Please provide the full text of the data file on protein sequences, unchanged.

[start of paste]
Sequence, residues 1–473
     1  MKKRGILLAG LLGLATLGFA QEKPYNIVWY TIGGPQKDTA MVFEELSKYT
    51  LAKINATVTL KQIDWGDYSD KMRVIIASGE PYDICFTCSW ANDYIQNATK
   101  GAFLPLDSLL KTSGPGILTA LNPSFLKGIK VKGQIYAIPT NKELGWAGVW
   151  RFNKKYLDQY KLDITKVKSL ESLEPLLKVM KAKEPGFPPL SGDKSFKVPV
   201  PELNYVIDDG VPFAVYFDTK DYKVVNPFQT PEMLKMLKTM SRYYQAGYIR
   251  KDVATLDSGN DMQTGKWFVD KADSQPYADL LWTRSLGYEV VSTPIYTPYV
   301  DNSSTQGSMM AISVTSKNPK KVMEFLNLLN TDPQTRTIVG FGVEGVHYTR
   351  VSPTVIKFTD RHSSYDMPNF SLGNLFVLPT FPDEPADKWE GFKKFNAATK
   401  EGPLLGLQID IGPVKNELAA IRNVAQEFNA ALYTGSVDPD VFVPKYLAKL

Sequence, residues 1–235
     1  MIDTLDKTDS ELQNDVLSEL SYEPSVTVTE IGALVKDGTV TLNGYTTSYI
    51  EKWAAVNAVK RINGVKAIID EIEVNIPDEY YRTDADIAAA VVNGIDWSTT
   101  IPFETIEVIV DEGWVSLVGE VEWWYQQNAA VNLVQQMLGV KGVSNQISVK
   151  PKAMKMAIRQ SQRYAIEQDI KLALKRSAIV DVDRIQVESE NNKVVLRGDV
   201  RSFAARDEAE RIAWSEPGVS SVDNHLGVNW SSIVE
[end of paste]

Sequence, residues 1–473
     1  MKKRGILLAG LLGLATLGFA QEKPYNIVWY TIGGPQKDTA MVFEELSKYT
    51  LAKINATVTL KQIDWGDYSD KMRVIIASGE PYDICFTCSW ANDYIQNATK
   101  GAFLPLDSLL KTSGPGILTA LNPSFLKGIK VKGQIYAIPT NKELGWAGVW
   151  RFNKKYLDQY KLDITKVKSL ESLEPLLKVM KAKEPGFPPL SGDKSFKVPV
   201  PELNYVIDDG VPFAVYFDTK DYKVVNPFQT PEMLKMLKTM SRYYQAGYIR
   251  KDVATLDSGN DMQTGKWFVD KADSQPYADL LWTRSLGYEV VSTPIYTPYV
   301  DNSSTQGSMM AISVTSKNPK KVMEFLNLLN TDPQTRTIVG FGVEGVHYTR
   351  VSPTVIKFTD RHSSYDMPNF SLGNLFVLPT FPDEPADKWE GFKKFNAATK
   401  EGPLLGLQID IGPVKNELAA IRNVAQEFNA ALYTGSVDPD VFVPKYLAKL

Sequence, residues 1–235
     1  MIDTLDKTDS ELQNDVLSEL SYEPSVTVTE IGALVKDGTV TLNGYTTSYI
    51  EKWAAVNAVK RINGVKAIID EIEVNIPDEY YRTDADIAAA VVNGIDWSTT
   101  IPFETIEVIV DEGWVSLVGE VEWWYQQNAA VNLVQQMLGV KGVSNQISVK
   151  PKAMKMAIRQ SQRYAIEQDI KLALKRSAIV DVDRIQVESE NNKVVLRGDV
   201  RSFAARDEAE RIAWSEPGVS SVDNHLGVNW SSIVE